Crankcase: Aluminum alloy barrel, split type, consisting of crankcase and accessory case in three pieces.
Crankshaft: Forged chrome nickel steel, two-piece construction with counterweights bolted.
Master rod: One-piece H forgings, nickel chrome steel, having removable steel-backed bushings.
Link rods: Tubular forged nickel chrome steel, bronze bushed. ' Pistons: Aluminum alloy, full skirt
Cylinder barrel: Forged chrome nickel steel, integral dome with aluminum alloy head screwed and shrunk on; attached to crankcase with studs.
Piston rings: Two compression rings and one oil-regulating ring above pin and one oil-regulating ring below pin. Ring size, 4.8125 by .1875$inchcs.
Fuel pumps: Independent plunger type mounted in the crankcase adjacent to each cylinder in a position above the cam; connected to the injector by high-pressure tubing.
Fuel circulating pump: Type C-5 built in as standard equipment.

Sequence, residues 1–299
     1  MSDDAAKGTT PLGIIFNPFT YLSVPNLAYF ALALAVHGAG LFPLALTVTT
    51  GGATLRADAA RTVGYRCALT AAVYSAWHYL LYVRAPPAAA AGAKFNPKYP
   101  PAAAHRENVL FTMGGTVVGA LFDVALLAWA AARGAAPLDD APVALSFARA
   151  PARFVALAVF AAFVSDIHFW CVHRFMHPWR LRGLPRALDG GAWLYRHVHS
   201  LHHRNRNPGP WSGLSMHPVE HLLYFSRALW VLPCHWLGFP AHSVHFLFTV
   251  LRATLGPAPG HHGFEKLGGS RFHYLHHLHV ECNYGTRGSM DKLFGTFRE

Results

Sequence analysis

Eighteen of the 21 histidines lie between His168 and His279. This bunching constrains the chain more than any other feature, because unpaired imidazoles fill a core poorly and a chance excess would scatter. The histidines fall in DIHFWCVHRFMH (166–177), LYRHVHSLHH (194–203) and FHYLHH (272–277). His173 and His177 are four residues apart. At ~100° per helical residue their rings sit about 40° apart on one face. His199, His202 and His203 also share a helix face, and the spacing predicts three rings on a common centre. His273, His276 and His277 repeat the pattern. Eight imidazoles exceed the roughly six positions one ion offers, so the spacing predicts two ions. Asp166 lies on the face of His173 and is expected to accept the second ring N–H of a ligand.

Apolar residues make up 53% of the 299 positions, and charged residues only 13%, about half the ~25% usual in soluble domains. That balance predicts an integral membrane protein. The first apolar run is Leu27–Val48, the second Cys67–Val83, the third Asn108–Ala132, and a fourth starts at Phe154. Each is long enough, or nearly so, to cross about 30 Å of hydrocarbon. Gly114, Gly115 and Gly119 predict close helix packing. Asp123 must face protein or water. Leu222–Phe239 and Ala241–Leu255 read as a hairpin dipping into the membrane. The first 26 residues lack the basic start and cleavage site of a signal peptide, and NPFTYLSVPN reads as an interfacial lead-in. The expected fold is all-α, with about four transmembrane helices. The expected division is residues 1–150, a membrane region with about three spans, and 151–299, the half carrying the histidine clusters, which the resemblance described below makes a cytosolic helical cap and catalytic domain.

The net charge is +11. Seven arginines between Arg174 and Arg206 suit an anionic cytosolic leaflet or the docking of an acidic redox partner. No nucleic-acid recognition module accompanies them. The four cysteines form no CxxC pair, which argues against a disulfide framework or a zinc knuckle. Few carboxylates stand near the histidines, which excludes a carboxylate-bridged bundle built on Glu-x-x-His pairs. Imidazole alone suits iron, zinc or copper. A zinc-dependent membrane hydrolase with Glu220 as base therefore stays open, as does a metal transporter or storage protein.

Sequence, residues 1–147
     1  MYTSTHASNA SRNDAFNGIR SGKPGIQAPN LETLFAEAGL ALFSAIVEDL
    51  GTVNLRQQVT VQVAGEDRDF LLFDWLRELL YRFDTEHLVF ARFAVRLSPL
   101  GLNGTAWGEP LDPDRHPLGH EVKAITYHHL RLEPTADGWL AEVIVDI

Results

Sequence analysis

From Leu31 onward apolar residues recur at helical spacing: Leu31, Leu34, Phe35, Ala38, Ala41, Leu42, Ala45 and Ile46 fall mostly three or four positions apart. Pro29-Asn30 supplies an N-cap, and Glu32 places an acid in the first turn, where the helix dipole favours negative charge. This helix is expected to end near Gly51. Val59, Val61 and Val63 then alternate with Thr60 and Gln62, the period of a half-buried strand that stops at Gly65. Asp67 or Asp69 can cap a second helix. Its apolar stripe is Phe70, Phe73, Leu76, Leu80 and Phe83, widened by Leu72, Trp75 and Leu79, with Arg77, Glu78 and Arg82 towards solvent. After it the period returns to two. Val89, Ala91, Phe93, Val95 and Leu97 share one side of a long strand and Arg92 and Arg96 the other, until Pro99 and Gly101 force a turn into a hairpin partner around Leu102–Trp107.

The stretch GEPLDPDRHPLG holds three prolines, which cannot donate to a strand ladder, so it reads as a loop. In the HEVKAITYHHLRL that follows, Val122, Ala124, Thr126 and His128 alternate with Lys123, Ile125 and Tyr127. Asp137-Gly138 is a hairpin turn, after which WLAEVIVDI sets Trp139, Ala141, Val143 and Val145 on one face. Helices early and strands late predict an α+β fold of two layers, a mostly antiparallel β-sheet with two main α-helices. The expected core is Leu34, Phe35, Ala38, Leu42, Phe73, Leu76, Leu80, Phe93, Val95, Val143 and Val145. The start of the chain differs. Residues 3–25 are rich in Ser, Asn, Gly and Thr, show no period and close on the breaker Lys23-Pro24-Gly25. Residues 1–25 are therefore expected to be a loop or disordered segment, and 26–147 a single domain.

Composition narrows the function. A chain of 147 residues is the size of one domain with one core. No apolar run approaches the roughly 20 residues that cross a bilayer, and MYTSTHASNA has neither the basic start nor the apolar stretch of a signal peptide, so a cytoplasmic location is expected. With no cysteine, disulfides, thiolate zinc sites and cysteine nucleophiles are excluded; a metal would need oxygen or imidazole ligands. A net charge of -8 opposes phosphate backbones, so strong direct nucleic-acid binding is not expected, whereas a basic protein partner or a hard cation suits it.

Propeller hub and propeller drive: Conventional S. A. E. 30 splined shaft, direct drive.
Valves : Single high chrome silicon steel, Thompson valve for each cylinder, used in connection with special passages for inlet and exhaust.
Valve mechanism and operation: Push rod and rocker arm with roller over valve stem at valve end; clearance adjustment on opposite end of rocker arm.
Valve springs: Two-spring arrangement.
Crankshaft bearings: Two roller main bearings at the center; one deep groove ball thrust bearing at front end; rear' crankshaft bushing in accessory case.
Oil pump: Two sections, scavenging and pressure. Oil pressure, 70 pounds.
Starter: Series 7 Eclipse electric inertia.
Generator: Twelve volts.
Tachometer drive: Standard S. A. E., half engine speed, counter-clockwise.
|Rated horsepower||185 at 1,925 r.p.m.|
|Weight per horsepower||2.75 pounds|
|Outside diameter||46.125 inches|